Would anyone like to join in an effort to convince retailers to stop categorizing toys by gender?

(1000 Posts)
OneHandWavingFree Mon 19-Nov-12 00:06:37

Following on from this thread and similar ones, a few of us are interested in discussing ways to send a message to retailers that it is not acceptable to designate 'boys' and 'girls' toy aisles which reinforce the message that science and adventure are "boys stuff", while girls should be primarily occupied with looking 'sexy' or practicing for domestic drudgery.

The first steps might be to draft a letter and identify a few retailers to target for an email campaign. Other ideas of how to get the message across are very welcome too, though.

Would anyone like to join in?

HalloweenNameChange Mon 19-Nov-12 16:24:29

Yes it would make infinitely more sense to things by category or alphabetization then trying to decide if you need to go the boys or girls section to buy a plastic paddlin pool.

DewDr0p Mon 19-Nov-12 16:24:32

Really stumpy? Couldn't the toy kitchen just be in the "playing house" section (or whatever you decide to call it)

HalloweenNameChange Mon 19-Nov-12 16:26:53

being a good big sister, and being a good pirate are very important TJPD grin

MummyPigsFatTummy Mon 19-Nov-12 16:27:45

Surely it would be easier Stumpy? Because instead of having to think 'Kitchen - ah ha - it relates to the house so must be a girls's toy, I will go to the girls' section', you would just have to head to the 'Play Kitchen' section or 'Household toy' section or whatever they called it and, behold, it would be there, whether you wanted one for a girl or a boy.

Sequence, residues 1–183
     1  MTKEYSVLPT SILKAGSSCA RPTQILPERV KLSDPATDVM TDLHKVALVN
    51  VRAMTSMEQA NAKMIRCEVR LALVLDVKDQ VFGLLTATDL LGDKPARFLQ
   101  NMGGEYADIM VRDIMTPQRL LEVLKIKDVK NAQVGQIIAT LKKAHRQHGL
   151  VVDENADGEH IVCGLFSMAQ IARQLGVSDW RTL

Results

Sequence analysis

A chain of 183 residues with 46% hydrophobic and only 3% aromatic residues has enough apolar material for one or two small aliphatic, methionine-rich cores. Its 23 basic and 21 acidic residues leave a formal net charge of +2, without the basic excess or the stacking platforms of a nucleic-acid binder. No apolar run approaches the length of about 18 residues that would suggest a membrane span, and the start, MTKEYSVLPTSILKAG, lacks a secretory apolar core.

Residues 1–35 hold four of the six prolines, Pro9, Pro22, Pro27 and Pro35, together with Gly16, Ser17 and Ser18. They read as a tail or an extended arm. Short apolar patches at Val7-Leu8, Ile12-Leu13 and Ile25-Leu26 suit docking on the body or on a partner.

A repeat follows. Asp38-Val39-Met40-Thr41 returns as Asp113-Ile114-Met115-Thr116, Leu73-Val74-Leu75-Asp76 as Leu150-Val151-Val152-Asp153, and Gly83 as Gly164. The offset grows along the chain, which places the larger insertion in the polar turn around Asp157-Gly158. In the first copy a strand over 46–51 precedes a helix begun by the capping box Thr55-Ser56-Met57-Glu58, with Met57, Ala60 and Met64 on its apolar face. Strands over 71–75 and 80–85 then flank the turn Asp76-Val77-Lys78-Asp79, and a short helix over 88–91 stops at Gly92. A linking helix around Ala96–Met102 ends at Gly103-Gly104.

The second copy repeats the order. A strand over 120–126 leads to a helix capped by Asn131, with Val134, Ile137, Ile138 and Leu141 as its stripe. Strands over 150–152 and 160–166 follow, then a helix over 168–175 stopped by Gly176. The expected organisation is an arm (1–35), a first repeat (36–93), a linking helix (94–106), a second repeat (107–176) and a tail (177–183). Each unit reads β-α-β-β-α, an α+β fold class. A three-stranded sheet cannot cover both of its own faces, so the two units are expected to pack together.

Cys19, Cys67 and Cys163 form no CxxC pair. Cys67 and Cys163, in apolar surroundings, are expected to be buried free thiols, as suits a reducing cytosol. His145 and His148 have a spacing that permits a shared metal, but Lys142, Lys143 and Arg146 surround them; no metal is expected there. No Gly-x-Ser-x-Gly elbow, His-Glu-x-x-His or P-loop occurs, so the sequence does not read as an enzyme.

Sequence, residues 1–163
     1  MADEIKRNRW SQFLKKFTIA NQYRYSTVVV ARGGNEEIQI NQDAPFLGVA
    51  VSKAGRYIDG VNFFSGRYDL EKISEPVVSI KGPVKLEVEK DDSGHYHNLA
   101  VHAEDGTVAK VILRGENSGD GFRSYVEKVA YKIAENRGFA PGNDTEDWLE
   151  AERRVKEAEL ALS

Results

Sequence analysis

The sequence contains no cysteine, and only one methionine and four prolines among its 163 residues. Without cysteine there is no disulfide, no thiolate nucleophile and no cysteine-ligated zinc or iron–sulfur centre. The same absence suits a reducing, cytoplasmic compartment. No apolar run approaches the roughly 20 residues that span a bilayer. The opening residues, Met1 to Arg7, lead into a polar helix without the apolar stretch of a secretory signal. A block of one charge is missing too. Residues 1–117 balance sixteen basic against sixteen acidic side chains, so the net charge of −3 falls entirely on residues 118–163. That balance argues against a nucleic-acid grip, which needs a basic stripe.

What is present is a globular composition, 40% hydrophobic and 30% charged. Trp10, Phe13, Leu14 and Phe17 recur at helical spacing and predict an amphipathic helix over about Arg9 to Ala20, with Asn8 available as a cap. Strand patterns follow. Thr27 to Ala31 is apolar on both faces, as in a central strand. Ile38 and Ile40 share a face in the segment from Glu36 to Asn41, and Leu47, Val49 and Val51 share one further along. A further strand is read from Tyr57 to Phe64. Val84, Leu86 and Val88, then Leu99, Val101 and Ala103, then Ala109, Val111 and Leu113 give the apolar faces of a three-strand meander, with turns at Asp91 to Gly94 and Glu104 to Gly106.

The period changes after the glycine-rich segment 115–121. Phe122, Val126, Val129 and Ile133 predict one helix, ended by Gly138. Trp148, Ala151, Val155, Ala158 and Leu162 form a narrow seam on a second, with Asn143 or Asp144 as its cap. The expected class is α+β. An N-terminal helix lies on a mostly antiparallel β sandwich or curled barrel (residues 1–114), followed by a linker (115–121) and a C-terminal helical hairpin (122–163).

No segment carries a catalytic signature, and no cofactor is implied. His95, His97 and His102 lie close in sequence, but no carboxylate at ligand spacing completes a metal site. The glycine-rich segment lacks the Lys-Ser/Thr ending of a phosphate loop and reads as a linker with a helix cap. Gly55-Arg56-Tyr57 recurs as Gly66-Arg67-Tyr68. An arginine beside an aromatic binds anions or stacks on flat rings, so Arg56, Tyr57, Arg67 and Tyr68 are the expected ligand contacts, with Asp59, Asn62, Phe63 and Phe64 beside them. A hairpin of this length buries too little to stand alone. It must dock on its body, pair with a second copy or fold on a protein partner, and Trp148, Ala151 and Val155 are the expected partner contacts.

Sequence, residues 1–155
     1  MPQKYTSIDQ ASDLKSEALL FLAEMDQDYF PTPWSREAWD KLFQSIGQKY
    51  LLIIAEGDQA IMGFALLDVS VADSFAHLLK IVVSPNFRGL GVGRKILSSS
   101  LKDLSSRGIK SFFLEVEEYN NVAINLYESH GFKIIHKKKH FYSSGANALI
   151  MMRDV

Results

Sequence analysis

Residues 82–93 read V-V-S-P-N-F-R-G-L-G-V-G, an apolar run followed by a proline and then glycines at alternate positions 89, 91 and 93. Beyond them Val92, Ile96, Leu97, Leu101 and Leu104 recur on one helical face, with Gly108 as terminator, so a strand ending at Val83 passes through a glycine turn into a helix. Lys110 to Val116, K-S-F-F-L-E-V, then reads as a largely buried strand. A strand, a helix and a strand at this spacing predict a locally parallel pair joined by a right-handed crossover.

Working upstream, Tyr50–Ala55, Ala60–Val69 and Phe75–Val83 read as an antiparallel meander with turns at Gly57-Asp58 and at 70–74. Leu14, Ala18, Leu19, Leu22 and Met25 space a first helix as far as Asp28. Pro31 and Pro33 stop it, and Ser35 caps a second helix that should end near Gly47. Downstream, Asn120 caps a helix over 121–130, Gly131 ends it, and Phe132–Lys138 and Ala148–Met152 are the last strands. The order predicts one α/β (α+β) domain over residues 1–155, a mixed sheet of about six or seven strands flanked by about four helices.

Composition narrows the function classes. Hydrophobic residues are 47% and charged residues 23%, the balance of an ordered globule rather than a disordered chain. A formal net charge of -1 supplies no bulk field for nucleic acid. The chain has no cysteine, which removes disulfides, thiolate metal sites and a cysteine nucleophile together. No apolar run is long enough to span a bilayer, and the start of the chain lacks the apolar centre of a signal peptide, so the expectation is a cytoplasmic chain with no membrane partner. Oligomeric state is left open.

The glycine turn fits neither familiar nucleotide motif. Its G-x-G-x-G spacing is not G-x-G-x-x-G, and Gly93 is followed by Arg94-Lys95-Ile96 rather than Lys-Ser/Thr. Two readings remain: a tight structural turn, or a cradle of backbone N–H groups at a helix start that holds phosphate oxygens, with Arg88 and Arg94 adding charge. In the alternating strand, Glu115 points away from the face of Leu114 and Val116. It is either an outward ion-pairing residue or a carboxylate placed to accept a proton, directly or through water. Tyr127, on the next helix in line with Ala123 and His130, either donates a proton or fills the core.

MummyPigsFatTummy Mon 19-Nov-12 16:28:11

x-post

HalloweenNameChange Mon 19-Nov-12 16:31:37

stumpy i shouldn't have called you ridiculous, I apologize. But seriously, do you really not think that by telling a child that something is "woman's work" form day one that you are doing your children a disservice? It's not about being political, it's about being aware that we are training our children to be grownups one day. It's why we teach them to read and do math and spell. So one day they will use those skills we know they are learning for the future. So if you tell them now that kitchens are for girls they will know as grown up daddies that their wife should really get dinner on the table

OneHandWavingFree Mon 19-Nov-12 16:48:05

confused If by "don't drag children into politics", stumpy, you mean that we shouldn't try to influence what children think about the implications of their gender, and should just let them get on with being kids without worrying about it, then shouldn't you be on the other side of the argument?

Grouping toys into "Boys" and "Girls" sections is what's political (and harmful). We're asking retailers to stop doing that.

babylann Mon 19-Nov-12 16:57:02

I'll do whatever I can to contribute to this. I have been very bothered for the past few weeks when my 2 year old who I have tried eagerly to shield from gender stereotyping held up two toys and said "this one [pink princess thing] is for girls, this one [red and blue mickey mouse version of the same toy] is for boys."

She doesn't watch tv with adverts, or have any family or friends who would express those sentiments, she's purely influenced by the subliminal messages of
The world and it made me want to cry.

OneHandWavingFree Mon 19-Nov-12 17:04:33

There seemed to be a will do to something about this issue, growing out of GretaGip's thread over the weekend.

I started this new thread in the hopes that instead of it being a debate about whether the issue is important, it could be a place for those of us who do think it's important to start talking about action.